Advocacy Update

June 27, 2024

As mentioned above, the FY25 House SFOPS bill is cause for alarm for the global health community. The proposed budget includes cuts to PEPFAR, the Global Fund (although this reduction was expected), and family planning and reproductive health. The bill doesn’t allocate specific funding for global health security and prohibits funding to the World Health Organization (WHO), the United Nations Population Fund, and other UN agencies. It also proposes codification and expansion of the “Global Gag Rule,” which prohibits U.S. funds from being used to perform, provide counseling, refer, or advocate for safe abortions.

In response to these proposed cuts to global health and the SFOPS topline, the GHC community came together to draft a sign-on letter, with 60+ organizations adding their names. This letter helped inform House Appropriations Committee Ranking Member Representative Rosa DeLauro’s (D-CT) press release, issued ahead of the floor vote on the bill. She then referenced the letter during the floor debate on June 26 and included it in a submission for the Congressional record.

As budget discussions continue, it will be critical to ensure decision-makers understand that any funding for SFOPS and global health in FY25 must be additive to the enacted FY24 levels.

The Intergovernmental Negotiating Body (INB), charged with negotiating a pandemic agreement among WHO Member States, will convene for its 10th meeting on July 16–17 to discuss the new modalities for negotiating the pandemic agreement. As a non-state actor (NSA) in official relations with WHO, GHC has been involved in, and expects to continue to be involved in, pandemic agreement negotiations. We will be tracking this meeting and advocating for U.S. and other negotiators to include civil society as much as possible in future negotiations. We will also provide updates as this process continues.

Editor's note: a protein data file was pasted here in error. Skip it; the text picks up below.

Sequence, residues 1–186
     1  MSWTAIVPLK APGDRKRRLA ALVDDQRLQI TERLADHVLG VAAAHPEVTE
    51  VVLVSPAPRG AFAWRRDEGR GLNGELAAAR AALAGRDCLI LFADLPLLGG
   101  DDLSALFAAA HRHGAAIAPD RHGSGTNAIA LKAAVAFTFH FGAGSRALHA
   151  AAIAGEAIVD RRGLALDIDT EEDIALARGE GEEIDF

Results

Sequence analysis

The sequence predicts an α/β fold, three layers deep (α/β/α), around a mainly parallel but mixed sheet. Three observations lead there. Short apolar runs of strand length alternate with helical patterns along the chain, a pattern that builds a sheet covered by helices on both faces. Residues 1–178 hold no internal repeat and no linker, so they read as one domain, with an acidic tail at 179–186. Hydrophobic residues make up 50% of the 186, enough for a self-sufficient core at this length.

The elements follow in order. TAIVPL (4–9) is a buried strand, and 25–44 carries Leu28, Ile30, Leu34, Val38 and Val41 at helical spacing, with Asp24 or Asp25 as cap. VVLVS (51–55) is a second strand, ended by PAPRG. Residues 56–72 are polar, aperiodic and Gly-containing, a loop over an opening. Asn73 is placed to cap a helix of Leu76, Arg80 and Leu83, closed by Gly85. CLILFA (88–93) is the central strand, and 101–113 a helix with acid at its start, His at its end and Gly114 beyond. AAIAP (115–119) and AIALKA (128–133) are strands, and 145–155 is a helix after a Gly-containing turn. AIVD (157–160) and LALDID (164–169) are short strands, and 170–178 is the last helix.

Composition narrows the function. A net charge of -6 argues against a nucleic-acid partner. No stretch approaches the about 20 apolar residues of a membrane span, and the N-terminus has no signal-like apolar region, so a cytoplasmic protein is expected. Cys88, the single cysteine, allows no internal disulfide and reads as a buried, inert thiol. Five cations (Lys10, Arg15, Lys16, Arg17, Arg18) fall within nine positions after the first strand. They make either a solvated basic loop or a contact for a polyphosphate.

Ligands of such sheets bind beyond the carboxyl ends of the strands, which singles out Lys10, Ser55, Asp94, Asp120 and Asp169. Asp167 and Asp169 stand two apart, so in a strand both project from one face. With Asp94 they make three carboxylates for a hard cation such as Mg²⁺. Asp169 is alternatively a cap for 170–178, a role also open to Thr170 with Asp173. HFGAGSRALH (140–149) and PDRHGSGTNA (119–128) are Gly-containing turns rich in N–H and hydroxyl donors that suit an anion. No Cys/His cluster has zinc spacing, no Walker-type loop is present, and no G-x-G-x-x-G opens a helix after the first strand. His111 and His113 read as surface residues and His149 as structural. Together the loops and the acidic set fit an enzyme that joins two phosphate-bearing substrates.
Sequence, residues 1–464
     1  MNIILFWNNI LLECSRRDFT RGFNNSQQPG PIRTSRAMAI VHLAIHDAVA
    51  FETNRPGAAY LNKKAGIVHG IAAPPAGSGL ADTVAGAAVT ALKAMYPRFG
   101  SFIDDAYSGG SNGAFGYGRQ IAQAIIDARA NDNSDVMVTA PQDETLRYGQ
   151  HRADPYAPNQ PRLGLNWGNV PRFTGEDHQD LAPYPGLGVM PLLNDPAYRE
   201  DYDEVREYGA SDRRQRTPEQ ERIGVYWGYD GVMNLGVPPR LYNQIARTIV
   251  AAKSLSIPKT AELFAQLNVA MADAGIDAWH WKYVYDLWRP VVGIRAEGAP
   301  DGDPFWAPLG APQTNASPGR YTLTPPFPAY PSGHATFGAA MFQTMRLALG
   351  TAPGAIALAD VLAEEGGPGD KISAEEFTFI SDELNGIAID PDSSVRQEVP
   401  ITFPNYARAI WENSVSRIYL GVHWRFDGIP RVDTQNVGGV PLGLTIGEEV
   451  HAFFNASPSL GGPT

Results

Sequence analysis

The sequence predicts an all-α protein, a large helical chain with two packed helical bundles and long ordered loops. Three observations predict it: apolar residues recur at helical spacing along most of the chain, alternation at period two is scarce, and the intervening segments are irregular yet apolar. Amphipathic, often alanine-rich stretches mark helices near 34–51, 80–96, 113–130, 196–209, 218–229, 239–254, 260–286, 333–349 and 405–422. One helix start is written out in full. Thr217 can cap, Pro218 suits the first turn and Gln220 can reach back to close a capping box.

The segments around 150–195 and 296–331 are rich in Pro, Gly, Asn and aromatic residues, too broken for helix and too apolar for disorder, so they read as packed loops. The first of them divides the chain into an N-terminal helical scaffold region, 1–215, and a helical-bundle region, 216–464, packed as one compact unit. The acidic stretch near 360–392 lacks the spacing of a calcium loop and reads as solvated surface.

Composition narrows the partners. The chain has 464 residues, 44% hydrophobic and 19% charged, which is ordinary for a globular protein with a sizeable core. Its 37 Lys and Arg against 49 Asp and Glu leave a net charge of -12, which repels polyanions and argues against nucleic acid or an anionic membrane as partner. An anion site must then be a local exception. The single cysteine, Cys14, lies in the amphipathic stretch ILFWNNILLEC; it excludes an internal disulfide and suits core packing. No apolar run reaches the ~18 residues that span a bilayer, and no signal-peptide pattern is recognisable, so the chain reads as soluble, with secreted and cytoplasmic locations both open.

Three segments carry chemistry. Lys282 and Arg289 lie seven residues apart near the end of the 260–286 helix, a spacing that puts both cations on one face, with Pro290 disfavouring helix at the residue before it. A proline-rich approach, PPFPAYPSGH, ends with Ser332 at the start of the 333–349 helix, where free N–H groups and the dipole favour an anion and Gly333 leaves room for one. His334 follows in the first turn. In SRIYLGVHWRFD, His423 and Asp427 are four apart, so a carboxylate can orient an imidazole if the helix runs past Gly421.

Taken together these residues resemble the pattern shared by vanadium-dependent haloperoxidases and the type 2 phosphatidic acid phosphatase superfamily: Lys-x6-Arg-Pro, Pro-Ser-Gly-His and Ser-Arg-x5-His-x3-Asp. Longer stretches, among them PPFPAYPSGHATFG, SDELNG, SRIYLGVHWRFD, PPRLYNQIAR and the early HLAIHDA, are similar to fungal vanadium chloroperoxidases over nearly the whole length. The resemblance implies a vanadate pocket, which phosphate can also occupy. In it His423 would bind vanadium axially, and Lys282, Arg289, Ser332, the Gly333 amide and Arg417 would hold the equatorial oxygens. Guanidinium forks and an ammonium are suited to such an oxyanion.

In June, leaders of the G7 countries, as well as the president of the European Council and the president of the European Commission representing the European Union, convened in Italy to address current global challenges. The outcome document, or Leaders’ Communiqué, covered many different health areas, including:

  • Promoting a One Health approach
  • Bolstering prevention and health systems
  • Further contributing to achieving Universal Health Coverage (UHC)
  • Promoting equitable access to quality health services and essential medical countermeasures (MCMs)
  • Recommitting to ending HIV, tuberculosis, malaria, neglected tropical diseases, and polio by 2030
  • Addressing the impact of climate change on health
  • Supporting an ambitious outcome at the High-Level Meeting on Antimicrobial Resistance at UNGA

In a related but separate area, the meeting called for establishing a G7 Water Coalition to coordinate action on water-related issues and recognize the importance of water, sanitation, and hygiene to sustainable development.

The 14th Global Program of Work (GPW 14) was just published by the WHO, setting the roadmap that will guide the organization’s work between 2025–2028. For the first time, WHO allowed for civil society feedback and comments on the draft plan. While we did not secure everything that was asked for, there were key successes. In particular, the community advocating for people living with disabilities was highly effective in securing multiple references to disability and/or the UN Disability Inclusion Strategy (UNDIS) in the document that were not previously included.

Now, our efforts turn to advocating with governments to finance and implement the work plan. We are calling for governments to make appropriate investments so the advancements in health equities included in GPW 14 become a reality.